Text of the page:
“I was horribly wrong, for all the right reasons,” he says.
Speaking of the aforementioned “amazing people” and thinking about what he learnt after 11 years at one of the world’s largest tech companies, Noble reinforces a regular adage told to startups: hire amazing people.
“If you can get amazing people, you can do amazing things. I know this goes without saying, but sometimes entrepreneurs forget that. Dig deep and take time to find and nurture amazing people,” he says.
“This is true for all startups, and it’s something I knew, but working at Google reinforced.”
He also mentions the very Google-esque concept of “moonshots”, an approach to big ideas that the company delves into in a big way. Google is currently researching a way to defeat death, as well as kites that harness energy from the wind.
“Google has always had this idea of moonshots, crazy audacious ideas like self-driving cars. But it made me realise you don’t have to be a Google to have a moonshot,” he says.
“AusOcean is a moonshot, and it sounds crazy to attempt with a bunch of interns and no full-time employees, but you have to start somewhere.”
On that note, Noble also adds that startups should regularly be thinking about hiring interns, saying any company can approach a university, and “if you’re not doing it you’re missing out”.
Startup scene like “night and day” compared to five years ago, but 457 changes troubling
“Australia’s startup ecosystem just five years ago, let alone ten, is night and day,” says Noble.
“In 2002 I was gobsmacked when I returned to Australia. I thought ‘what have I done’ – there were hardly any startups around. But today is very different, in a really positive way.”
Although Noble is pointedly “glass half full” when discussing the startup ecosystem in Australia, he acknowledges the empty half, most notably the current 457 visa debacle which has been a point of contention for local companies for more than a year.
Noble says Australia has a huge opportunity globally as the country is a “very desirable place to live” and the country “can and should” be attracting the world’s top talent.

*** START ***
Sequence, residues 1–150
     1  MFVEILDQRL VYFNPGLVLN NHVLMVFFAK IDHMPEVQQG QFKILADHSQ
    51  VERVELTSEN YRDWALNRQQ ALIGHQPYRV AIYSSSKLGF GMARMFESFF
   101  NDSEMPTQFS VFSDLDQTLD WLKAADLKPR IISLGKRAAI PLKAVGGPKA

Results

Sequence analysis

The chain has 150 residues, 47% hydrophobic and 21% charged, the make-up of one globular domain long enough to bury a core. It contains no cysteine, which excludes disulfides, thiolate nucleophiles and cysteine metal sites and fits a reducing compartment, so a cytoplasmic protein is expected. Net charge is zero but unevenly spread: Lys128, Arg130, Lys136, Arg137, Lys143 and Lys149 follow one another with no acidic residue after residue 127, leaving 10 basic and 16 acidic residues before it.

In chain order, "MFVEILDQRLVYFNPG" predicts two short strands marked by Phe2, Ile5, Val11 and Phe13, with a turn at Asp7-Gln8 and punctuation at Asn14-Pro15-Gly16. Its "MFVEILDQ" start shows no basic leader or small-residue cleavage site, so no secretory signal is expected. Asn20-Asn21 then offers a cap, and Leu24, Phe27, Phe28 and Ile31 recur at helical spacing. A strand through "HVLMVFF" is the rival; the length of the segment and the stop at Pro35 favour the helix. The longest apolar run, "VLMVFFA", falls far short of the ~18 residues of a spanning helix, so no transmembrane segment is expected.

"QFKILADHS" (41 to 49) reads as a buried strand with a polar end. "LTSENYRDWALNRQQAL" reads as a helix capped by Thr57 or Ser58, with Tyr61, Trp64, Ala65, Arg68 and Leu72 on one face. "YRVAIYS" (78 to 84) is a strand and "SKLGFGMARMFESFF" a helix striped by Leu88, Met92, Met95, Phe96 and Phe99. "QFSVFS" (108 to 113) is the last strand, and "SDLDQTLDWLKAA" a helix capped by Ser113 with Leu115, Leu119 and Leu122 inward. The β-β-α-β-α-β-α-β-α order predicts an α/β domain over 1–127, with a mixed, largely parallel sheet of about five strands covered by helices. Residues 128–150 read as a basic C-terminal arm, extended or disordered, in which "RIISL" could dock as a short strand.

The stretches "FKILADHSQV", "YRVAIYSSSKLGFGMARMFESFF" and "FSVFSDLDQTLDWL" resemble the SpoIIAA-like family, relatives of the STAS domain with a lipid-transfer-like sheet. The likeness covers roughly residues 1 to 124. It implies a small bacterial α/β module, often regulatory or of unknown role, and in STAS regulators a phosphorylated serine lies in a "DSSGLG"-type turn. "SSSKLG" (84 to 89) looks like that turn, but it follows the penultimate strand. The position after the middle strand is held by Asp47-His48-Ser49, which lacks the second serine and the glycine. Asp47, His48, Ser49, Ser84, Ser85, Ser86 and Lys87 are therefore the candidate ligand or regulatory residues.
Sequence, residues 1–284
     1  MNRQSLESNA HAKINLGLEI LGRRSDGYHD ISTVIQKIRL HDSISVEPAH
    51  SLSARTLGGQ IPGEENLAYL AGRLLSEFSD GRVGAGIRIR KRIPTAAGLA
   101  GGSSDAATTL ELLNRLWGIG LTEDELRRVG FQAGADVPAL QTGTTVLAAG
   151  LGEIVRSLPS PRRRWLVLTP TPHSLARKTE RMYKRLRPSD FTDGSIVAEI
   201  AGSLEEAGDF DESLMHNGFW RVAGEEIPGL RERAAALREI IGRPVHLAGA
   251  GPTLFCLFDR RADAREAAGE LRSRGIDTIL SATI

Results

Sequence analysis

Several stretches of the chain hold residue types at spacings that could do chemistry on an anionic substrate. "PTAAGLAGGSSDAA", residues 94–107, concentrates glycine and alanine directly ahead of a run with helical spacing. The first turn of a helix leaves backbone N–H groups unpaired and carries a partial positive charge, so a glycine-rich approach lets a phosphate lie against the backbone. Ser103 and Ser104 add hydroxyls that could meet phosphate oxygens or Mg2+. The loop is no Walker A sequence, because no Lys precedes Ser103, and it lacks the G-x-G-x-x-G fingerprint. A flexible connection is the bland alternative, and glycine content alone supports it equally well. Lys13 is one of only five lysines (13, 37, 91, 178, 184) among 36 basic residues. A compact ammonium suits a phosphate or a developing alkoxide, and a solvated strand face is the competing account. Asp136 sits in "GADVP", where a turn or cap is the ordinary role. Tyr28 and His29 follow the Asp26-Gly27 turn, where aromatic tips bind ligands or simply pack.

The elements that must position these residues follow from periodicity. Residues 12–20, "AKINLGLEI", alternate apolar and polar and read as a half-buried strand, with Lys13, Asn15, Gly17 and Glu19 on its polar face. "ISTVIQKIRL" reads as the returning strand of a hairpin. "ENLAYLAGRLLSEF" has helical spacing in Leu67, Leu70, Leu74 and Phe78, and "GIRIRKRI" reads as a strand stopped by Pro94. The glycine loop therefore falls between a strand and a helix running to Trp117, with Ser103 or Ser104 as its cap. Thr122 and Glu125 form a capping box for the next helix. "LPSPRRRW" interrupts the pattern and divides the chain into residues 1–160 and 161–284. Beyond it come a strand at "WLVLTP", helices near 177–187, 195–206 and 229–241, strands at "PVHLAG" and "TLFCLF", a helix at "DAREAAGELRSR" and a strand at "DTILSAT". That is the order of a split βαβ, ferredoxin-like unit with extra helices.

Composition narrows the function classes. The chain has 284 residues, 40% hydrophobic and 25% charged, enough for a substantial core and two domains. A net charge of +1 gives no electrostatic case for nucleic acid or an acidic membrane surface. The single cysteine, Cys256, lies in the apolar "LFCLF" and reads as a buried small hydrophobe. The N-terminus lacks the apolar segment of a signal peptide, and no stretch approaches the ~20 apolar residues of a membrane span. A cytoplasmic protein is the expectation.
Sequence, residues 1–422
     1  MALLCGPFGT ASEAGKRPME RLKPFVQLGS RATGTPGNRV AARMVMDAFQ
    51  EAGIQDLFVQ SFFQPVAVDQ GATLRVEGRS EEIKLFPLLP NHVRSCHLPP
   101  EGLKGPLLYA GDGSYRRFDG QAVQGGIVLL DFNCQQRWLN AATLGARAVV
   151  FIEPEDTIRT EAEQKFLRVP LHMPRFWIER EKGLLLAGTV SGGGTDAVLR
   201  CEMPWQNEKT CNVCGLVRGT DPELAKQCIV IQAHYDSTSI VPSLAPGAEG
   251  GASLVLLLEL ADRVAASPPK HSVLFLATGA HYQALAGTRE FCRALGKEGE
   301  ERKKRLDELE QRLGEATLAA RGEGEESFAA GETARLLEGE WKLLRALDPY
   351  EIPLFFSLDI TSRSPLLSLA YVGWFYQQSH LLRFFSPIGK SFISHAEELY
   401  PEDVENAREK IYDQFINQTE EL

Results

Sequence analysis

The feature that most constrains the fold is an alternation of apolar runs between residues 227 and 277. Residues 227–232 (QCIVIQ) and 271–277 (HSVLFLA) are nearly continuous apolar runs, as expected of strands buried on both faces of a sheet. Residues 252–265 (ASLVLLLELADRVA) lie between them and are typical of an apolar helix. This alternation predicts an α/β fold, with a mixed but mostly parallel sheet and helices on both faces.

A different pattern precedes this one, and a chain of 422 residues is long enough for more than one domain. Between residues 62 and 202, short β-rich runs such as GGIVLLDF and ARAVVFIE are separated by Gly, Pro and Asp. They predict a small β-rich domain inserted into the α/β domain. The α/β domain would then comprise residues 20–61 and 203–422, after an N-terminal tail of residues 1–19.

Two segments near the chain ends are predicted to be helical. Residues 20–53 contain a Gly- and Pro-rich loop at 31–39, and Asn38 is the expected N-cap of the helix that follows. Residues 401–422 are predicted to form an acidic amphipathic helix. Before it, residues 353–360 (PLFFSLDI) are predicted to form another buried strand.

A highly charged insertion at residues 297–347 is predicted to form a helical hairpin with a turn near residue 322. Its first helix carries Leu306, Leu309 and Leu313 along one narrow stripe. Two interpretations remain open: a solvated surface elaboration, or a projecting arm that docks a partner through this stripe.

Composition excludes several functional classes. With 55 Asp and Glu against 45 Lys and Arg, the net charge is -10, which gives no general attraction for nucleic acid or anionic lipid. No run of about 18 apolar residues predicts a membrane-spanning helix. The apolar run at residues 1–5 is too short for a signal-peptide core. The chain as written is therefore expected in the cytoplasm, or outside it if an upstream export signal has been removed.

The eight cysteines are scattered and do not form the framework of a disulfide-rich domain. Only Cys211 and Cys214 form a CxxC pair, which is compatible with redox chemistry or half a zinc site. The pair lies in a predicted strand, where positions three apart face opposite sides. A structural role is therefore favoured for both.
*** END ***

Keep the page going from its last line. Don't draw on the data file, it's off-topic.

“There’s an opportunity for us to be much more aggressive in doing that. Startups are always crying out for it, and to get them to the world stage we need world-class talent,” he says.
“The government’s immigration changes of late have gone in the wrong direction, and we need to turn them around quickly.”
But overall, he says, things are trending in the right direction, and Noble hopes to stay involved with moulding the startup scene through his involvement with StartupAus.
New engineering lead Google Photos developer
Noble will be succeeded by current vice president of product at Google Anil Sabharwal who has relocated to Sydney from the company’s US headquarters. Sabharwal led the team that conceived and built the Google Photos platform, and has recently been involved in connectivity projects such as Google’s mobile carrier Project Fi, which he will continue to be involved in whilst he leads the Australian team.
Sabharwal has already relocated to Sydney, and as an Australian citizen said he was “thrilled to be home”.
“The site has grown tremendously in the last five years and I can’t wait to jump in and support the amazing work that’s being done across projects like Chrome, Maps, and our products for the Next Billion Users,” he said in a statement.
“Australia has some of the most talented engineers in the world, and our Sydney office will continue to work on efforts that make big impact at a global scale.”